After decades of using an antiquated credit card system, the US is finally catching up to the rest of the first world. Due to mounting security risks, financial institutions have finally decided our current “swipe and sign” card system is no longer safe. Here’s the new way you will be paying retailers.
What are EMV Chip Cards?
EMV stands for “Europay, Mastercard, and Visa”. These three companies developed the technology, but they aren’t the only companies who will utilize it. There’s a good chance your banking institution will be mailing you an EMV card soon if you haven’t received one already. Your new card will look the same, except for a small microprocessor embedded in the card. There will still be a magnetic stripe on the back. This way, you can use the card as you always have in the event a retailer doesn’t have the new EMV card readers, just swipe as usual. However, if the retailer has switched over, you may be asked to insert the card into the machine, which is commonly referred to as “dip the chip” Do you think this slang will catch on?
Why are we Switching?
You’ve heard of the major data breaches over the past several years. Home Depot, Target, and K-Mart to name a few. These breaches cost the companies, and the financial institutions, billions of dollars. The new EMV card is more secure. Currently, when you swipe your card at a retailer, the information, such as your credit card number, expiration date, banking institution, etc. is stored by the retailer leaving your information vulnerable to hackers. The EMV chip creates a one time “transaction key” that’s anonymous, preventing the retailer from accessing sensitive data stored on your credit card. Eventually, the magnetic stripe will disappear from your card entirely. Until then, it will remain on the new cards to ease consumers through the transitional period.
What About Fraud?
Retailers are legally responsible for EMV compliancy by October 1, 2015, but many will not be. Beginning October 1st, compliant retailers will have some protection from liability and financial losses due to data breaches. If the retailer isn’t EMV compliant during a data breach, the institution will take the financial burden of loss. You’ll probably not be affected by changes in how fraud is handled. It’s been changed to incentivize retailers to switch to the new system. Here’s the official word from Visa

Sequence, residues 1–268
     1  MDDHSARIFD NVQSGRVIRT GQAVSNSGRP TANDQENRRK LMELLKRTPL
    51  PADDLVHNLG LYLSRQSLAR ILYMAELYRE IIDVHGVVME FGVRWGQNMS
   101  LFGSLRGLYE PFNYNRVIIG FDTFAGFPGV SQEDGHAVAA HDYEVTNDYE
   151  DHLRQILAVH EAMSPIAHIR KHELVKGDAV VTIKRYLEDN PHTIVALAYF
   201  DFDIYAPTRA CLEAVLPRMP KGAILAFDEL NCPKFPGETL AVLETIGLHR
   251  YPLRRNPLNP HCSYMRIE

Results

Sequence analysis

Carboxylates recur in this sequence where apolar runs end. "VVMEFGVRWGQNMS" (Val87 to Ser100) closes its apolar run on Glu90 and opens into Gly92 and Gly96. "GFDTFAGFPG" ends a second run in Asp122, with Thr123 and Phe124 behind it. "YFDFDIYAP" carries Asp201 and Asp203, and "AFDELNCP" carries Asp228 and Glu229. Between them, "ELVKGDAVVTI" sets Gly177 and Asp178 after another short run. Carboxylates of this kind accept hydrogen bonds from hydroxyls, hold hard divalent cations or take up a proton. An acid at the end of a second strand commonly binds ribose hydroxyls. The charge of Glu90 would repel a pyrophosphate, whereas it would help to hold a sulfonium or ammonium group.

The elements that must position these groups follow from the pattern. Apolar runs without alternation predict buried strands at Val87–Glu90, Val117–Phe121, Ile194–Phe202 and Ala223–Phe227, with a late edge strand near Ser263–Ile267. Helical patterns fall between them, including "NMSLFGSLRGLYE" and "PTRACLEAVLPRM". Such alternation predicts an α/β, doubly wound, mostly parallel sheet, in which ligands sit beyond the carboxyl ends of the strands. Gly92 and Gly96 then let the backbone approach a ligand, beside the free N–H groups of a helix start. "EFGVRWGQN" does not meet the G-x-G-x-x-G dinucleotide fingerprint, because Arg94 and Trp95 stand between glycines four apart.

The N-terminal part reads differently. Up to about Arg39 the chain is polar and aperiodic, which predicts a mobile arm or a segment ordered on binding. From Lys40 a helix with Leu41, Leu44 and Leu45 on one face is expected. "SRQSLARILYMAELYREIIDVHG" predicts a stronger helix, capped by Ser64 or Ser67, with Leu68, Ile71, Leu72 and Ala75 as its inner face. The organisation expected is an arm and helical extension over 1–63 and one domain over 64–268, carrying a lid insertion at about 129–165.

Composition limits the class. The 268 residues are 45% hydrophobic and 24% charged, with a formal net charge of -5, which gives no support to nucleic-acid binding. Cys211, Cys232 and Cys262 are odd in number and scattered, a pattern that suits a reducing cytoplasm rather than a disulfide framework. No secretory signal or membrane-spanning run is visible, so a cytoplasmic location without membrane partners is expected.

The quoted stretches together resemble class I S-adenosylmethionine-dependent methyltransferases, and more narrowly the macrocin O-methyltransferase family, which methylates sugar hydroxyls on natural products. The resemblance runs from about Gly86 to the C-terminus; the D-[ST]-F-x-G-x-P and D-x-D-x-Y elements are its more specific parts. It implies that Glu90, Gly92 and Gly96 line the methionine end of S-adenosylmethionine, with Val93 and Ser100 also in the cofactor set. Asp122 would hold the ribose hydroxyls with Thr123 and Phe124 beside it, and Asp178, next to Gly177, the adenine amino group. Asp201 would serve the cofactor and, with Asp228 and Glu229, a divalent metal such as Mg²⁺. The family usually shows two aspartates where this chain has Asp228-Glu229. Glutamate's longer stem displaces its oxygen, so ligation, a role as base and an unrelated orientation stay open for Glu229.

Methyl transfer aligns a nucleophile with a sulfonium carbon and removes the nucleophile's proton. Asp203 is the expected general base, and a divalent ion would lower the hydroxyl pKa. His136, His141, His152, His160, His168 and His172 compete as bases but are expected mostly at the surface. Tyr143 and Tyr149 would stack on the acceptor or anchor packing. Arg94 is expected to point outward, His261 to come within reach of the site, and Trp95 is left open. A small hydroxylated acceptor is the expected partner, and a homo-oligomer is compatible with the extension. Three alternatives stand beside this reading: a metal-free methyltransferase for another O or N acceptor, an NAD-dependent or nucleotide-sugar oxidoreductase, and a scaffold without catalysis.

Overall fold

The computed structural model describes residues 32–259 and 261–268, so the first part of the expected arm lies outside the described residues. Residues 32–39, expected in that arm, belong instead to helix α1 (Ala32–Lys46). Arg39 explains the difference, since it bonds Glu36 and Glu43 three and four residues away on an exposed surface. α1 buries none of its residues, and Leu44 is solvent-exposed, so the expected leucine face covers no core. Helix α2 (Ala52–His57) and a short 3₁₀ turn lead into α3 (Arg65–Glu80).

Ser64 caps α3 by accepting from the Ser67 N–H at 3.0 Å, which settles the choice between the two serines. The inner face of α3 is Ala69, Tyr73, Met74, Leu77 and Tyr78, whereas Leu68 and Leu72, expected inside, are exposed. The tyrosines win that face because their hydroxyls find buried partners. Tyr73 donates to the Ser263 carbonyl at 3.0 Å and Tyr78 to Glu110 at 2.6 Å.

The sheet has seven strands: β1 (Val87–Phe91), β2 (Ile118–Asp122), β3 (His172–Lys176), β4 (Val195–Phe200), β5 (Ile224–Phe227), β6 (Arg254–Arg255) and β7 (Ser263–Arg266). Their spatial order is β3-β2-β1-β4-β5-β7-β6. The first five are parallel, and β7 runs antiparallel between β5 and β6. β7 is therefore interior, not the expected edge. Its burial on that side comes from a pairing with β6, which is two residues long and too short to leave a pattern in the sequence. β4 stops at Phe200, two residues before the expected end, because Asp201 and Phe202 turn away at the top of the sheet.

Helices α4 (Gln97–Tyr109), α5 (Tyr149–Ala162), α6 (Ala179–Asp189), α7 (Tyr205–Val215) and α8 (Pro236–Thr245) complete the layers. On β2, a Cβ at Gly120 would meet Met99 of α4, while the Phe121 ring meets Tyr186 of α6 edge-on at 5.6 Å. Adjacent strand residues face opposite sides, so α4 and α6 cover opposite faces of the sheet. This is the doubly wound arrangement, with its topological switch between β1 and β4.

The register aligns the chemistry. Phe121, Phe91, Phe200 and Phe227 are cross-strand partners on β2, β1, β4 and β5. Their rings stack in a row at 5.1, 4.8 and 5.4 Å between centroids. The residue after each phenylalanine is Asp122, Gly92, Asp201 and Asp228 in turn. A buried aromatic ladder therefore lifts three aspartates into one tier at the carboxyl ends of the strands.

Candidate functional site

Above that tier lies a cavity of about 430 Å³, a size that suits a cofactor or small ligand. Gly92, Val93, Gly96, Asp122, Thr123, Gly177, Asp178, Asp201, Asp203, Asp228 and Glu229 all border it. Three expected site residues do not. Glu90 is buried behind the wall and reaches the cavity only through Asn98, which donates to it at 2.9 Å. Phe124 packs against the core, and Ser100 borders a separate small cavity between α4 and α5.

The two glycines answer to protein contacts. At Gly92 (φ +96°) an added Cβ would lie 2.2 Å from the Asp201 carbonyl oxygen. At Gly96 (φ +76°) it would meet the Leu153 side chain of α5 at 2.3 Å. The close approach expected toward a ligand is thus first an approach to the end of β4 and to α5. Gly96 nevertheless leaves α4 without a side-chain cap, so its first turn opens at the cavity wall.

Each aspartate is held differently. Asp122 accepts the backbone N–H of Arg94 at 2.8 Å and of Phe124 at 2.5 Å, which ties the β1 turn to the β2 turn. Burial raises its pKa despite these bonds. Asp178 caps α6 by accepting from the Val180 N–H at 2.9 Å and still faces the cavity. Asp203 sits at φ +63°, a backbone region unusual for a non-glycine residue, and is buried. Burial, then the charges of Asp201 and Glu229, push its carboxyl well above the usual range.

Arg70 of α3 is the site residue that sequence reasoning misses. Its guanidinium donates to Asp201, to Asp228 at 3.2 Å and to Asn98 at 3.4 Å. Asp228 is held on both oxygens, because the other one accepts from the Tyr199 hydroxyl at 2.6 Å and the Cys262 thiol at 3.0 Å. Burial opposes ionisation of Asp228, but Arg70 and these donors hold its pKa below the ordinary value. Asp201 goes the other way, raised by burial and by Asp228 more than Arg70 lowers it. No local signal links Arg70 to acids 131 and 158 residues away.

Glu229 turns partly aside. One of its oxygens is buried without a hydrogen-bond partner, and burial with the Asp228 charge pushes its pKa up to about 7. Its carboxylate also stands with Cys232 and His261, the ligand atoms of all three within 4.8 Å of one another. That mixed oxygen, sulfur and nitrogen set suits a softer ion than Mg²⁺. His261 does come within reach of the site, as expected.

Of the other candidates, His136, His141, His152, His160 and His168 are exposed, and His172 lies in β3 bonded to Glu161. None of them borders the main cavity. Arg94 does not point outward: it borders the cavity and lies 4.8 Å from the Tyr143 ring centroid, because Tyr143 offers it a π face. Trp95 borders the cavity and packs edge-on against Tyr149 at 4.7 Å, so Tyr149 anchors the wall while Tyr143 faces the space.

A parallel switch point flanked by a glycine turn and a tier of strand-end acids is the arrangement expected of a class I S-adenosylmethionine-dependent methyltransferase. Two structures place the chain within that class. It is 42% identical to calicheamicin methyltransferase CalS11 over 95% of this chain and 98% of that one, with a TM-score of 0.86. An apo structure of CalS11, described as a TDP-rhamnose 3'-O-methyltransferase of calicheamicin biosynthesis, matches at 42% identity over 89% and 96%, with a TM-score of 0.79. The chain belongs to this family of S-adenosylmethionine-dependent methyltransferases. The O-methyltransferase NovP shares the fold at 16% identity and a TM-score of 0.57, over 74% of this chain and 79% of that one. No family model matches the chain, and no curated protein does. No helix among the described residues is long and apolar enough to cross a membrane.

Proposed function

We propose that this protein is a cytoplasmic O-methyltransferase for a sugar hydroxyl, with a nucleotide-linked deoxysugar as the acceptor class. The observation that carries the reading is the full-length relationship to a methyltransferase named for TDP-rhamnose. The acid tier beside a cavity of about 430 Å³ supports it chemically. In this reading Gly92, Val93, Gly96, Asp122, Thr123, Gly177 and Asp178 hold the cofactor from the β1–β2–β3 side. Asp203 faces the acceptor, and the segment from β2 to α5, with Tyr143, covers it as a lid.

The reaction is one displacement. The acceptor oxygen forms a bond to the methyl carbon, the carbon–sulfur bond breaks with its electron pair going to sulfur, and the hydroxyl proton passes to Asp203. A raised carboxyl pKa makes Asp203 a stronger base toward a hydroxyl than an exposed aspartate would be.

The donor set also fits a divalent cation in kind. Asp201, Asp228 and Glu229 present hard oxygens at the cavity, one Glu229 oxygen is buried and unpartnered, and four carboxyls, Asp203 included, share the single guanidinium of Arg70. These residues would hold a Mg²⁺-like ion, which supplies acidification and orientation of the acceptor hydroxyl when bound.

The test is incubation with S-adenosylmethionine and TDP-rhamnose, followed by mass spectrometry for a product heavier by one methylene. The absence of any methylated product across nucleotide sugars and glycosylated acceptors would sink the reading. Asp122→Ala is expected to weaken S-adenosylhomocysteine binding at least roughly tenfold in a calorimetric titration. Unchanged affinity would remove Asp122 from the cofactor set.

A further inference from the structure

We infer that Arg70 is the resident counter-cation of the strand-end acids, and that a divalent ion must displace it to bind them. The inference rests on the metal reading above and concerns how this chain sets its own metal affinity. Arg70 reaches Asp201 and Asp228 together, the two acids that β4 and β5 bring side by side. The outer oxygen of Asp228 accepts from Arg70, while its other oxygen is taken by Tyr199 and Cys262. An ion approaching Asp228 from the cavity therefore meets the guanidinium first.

“The party that has made investment in EMV deployment is protected from financial liability for card-present counterfeit fraud losses on this date. If neither or both parties are EMV compliant, the fraud liability remains the same as it is today.” – EMV Connection
When will all Retailers be EMV Compliant?
That’s difficult to answer. The EMV migration is going to take a while. Some retailers may wait until the last minute, for example, gas stations have two more years, until October 2017, to be EMV compliant. Visa released this statement
“From experience in other countries, Visa expects it will take an additional 2-3 years for 60 to 70 percent of transactions to be completed by a chip card and chip terminal, and 4-5 years to reach closer to 90 percent.” – Visa
As someone who was issued a new debit card after each of three recent breaches, I’m glad providers are taking steps to secure their customers personal information. EMV might be a pain for retailers, but the money saved on fraud should benefit everyone. Have you received your new EMV chip card?
TKO Tech Talk is a column written by Eric Benge, who has over 10 years experience in the design and print industries. Technology changes rapidly, the advice or information included in these articles is considered accurate and helpful as of the date they are posted online. If you have any questions, technology related or otherwise, please contact us.